Divisive politics over mining issues in northern Minnesota has entangled an Indian band’s request for money to build a water treatment system.

Members of the Iron Range Resources and Rehabilitation Board (IRRRB), an advisory group for the Eveleth-based economic development agency, argued this week against giving money generated by taconite revenue to the Fond du Lac Band of Lake Superior Chippewa, which has legally challenged mining operations.

Minnesota Sen. Tom Bakk, DFL-Cook, who sits on the board, called the band’s actions “anti-mining” and said he couldn’t support a $250,000 grant for it. “I’m pretty uncomfortable with this request,” he said during a Wednesday board meeting.

Earlier this year, Bakk moved a large annual DFL fundraising golf tournament from the Wilderness at Fortune Bay, which is owned by the Bois Forte Band of Chippewa, to Giants Ridge in Biwabik. It was part of a backlash against the band, which wrote a letter in January supporting U.S. Rep. Betty McCollum’s proposal to ban copper mining on 234,000 acres of federally owned wilderness near the Boundary Waters Canoe Area Wilderness.

On Wednesday, Bakk reminded the board of the Fond du Lac band’s challenge to a Minnesota Pollution Control Agency permit issued to U.S. Steel’s Minntac Mountain Iron operation for a basin that holds mining waste. The legal challenge, he said, puts Minntac’s operation “at risk.”

The band, in its legal challenge, argued that contaminants were harming natural resources.

Board member and state Rep. Dale Lueck, R-Aitkin, said he wants to do what he can to support Indian communities. But like Bakk and fellow board member state Sen. David Tomassoni, DFL-Chisholm, he said can’t support giving taconite money to a group that he says has opposed mining.

“This is at cross-purposes,” he said. The board has turned other down requests that don’t make sense and this one doesn’t, he said.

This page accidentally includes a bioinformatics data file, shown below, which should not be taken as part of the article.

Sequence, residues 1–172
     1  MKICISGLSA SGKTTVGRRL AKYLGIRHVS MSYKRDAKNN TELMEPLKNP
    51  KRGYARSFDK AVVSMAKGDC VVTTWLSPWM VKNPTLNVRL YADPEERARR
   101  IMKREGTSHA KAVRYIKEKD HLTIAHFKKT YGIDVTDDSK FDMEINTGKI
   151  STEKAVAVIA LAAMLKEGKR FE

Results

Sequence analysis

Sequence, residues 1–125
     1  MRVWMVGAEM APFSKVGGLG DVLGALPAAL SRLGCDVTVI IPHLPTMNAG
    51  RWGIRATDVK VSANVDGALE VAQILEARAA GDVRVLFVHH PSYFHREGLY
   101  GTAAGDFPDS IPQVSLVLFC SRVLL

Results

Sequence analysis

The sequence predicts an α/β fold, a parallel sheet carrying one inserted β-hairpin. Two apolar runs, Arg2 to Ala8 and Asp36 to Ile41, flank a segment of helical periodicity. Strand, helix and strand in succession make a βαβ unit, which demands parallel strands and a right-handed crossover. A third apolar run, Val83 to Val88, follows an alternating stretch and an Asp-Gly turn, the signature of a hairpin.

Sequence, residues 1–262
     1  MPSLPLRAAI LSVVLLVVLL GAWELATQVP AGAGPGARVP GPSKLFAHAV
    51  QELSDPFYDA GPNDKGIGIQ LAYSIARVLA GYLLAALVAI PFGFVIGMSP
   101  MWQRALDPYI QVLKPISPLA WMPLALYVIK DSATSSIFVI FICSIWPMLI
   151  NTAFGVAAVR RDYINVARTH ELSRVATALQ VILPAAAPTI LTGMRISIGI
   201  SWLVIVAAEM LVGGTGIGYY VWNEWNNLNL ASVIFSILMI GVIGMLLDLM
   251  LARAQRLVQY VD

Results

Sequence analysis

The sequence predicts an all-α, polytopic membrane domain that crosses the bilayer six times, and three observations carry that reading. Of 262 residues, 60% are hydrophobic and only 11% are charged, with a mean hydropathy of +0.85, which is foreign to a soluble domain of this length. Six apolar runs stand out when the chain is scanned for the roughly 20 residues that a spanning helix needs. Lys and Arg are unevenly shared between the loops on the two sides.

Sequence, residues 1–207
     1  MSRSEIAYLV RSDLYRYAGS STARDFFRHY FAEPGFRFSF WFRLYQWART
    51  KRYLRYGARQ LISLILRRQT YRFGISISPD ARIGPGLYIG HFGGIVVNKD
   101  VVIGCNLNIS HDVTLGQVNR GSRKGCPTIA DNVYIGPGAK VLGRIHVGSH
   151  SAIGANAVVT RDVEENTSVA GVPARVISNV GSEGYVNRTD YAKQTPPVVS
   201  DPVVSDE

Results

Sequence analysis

Bakk and others also questioned the band’s eligibility for the money because its tribal office in Carlton County is outside the taconite relief area. The band has tribal lands in and outside the relief area.

Board staff member Chris Ismil assured members that the tribe’s project met the criteria for the grant and in fact scored above other projects in the competition.

The water for the two communities, which are in the taconite relief areas, is not drinkable, Ismil said during the meeting. It’s contaminated and people could get sick, he told board members. The grant would help finance a $1.3 million project — the first phase in building a new water system that will be owned and operated by the tribe.

A day after the board unanimously tabled the proposal, Bakk said he and others on the board don’t oppose the project but merely want to give the money directly to communities that would be served by the water treatment system or to St. Louis County.

In a written statement, the band said it is not anti-mining. “We are anti-pollution,” the statement said. “Mining, the way it currently operates and is regulated in Minnesota, has destroyed wild rice, worsened the mercury in fish problem, and fundamentally destroyed and degraded thousands of acres of important natural and cultural resources in the 1854 Ceded Territory over the past century.”

Although she said she doesn’t speak for the tribe, Paula Maccabee, an attorney for WaterLegacy, a Minnesota nonprofit focused on water quality, called the IRRRB’s actions political posturing.

“The project is necessary for drinkable water,” she said. “You can’t bully people who seek to exercise their First Amendment rights. Using the courts is part of democracy.”

“Just because you’re asking people to do a better job doesn’t mean you want to shut them down,” Maccabee said.

Noting that the board’s decision is merely advisory, Maccabee said she hopes that Mark Phillips, commissioner of the Department of Iron Range Resources and Rehabilitation, who works for the governor, will approve the grant.

“I hope they stand up and say … Minnesota serves all communities,” Maccabee said. “The government in Minnesota puts clean water above politics.”